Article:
The University of Iowa

Stanley Undergraduate Awards: 2019

Allexis Mahanna 
Global Health Studies, Engaged Social Innovation
Destination: Barcelona & Alegciras, Spain
Project Title: Local Migration Responses: Comparative Case Studies of Algeciras & Barcelona Spain

This ethnographic research project will evaluate local migration policies and responses in two distinct areas of Spain, Algeciras and Barcelona, through a comparative case study. This project will begin with a thorough literary analysis of local and country wide migration policies, population density changes, and the historical perceptions of migrants in Spain, spanning from 1985 to 2018. Three weeks will be spent qualitatively evaluating Barcelona’s local migration policies and responses, including their city council’s Refuge City program. This evaluation will be performed through interviews with local government officials, Refuge City coordinators, professionals and volunteers working within migration agencies, and migration researchers at Universitat de Barcelona. The following three weeks will be spent qualitatively evaluating Algeciras’ local migration policies and responses through interviewing professionals and volunteers of migration agencies, local government officials, and citizens in the area. The interviews will be recorded, transcribed, and categorically coded utilizing a process coding methodology in order to identify key themes and patterns. A comprehensive research paper will then be constructed from this data, with the literary analysis providing necessary background information. This paper will explain the respective local migration responses in Algeciras and Barcelona at this point in time, and what the implications and consequences of these responses may be.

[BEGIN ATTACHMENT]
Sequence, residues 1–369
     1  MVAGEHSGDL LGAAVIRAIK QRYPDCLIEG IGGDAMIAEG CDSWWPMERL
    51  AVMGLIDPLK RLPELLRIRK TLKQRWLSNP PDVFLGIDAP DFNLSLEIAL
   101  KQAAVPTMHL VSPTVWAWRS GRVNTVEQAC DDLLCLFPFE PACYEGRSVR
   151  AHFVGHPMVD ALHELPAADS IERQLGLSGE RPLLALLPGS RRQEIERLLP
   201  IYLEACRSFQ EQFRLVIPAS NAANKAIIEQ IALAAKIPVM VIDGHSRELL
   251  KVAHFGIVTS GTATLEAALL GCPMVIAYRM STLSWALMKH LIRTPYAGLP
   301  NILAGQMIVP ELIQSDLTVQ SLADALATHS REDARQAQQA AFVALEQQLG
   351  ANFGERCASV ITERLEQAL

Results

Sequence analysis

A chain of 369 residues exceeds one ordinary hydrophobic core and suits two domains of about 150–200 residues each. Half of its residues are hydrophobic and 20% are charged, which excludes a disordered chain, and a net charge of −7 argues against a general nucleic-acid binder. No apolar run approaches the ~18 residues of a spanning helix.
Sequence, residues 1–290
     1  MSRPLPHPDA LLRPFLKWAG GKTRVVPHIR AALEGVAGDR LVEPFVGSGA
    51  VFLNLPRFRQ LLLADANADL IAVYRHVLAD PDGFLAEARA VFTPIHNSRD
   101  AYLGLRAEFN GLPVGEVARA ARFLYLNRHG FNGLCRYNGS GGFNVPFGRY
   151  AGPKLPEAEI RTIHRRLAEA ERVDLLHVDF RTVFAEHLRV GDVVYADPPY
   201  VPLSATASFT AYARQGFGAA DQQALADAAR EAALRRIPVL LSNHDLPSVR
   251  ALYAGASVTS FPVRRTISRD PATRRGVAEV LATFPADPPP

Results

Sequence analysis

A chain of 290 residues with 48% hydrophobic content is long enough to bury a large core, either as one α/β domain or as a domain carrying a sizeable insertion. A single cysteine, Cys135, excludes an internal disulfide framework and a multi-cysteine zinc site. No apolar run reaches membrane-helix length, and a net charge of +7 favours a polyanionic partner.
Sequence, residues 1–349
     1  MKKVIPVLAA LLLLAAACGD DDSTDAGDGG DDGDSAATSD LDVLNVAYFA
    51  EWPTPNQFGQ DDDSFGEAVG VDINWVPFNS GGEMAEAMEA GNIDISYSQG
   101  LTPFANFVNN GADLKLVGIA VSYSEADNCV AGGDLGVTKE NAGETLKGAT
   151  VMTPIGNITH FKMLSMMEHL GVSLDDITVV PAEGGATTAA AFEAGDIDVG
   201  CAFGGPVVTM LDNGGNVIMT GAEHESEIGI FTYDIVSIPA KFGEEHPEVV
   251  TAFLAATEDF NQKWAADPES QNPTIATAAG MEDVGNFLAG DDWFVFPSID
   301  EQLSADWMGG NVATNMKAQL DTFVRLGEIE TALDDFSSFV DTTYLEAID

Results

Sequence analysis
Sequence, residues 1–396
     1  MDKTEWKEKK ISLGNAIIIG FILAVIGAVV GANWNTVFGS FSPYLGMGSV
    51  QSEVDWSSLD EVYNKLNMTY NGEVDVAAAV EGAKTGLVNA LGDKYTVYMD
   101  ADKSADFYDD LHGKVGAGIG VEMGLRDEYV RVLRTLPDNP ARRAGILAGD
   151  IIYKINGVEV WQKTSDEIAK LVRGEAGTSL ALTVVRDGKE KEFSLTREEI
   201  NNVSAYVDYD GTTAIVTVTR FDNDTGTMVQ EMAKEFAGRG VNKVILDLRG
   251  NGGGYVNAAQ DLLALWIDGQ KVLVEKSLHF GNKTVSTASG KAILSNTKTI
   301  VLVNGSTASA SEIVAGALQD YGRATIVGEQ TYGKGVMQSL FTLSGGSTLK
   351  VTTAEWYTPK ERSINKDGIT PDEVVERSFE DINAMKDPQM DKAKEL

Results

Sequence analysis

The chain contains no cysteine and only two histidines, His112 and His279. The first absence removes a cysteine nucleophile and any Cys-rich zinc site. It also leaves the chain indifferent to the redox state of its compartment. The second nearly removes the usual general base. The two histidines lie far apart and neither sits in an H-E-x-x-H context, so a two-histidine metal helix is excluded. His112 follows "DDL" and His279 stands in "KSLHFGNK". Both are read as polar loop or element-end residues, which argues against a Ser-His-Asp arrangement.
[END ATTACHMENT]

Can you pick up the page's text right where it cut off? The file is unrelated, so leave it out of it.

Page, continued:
Emma Sillman
Global Health Studies, Economics
Destination: Mysore, Saragur and Kencheahalli India
Project Title: Physician Perceptions of Counterfeit Medications in Karnataka, India 

I am a seeking a Stanley Undergraduate Award for International Research to examine physician’s perceptions of counterfeit medications in Karnataka, India from July 16th through August 14th.  Counterfeit medications are, simply put, pharmaceuticals that are marketed as something they are not.  They may contain incorrect amounts of active ingredients, harsh substances, or may simply be mislabeled.  These fraudulent medications can pose a serious threat to personal health and undermine trust in medical authority and health systems.  Since the 1980’s, the global prevalence of counterfeit pharmaceuticals has risen dramatically.  Worldwide, an estimated ten percent of pharmaceuticals are counterfeit. In some areas of Africa, Latin America, and Asia that number could be as high as thirty percent. India has experienced rapid growth in their pharmaceutical industry, and they are now the fourth largest producer of medications in the world.  The country exports over 15 billion dollars worth of drugs to nearly 200 countries each year.  International reports suggest that India is a primary source of counterfeit medications, however, the actual number remains unknown and highly contested.  This project seeks to gain a better understanding of the awareness of counterfeit medications and the risk they pose to patients based on physician perceptions in the state of Karnataka, India.  I will use an ethnographic methodology focusing on semi-structured interviews with physicians and pharmacists in two hospitals associated with Swami Vivekananda Youth Movement, located in Saragur and the rural village of Kenchenahalli.  Health workers are the target interviewees because they will be able to convey both trends concerning their patients’ experiences and personal insights.  I will analyze data, looking for themes concerning prevalence of counterfeit medications, patient risk, and possible solutions.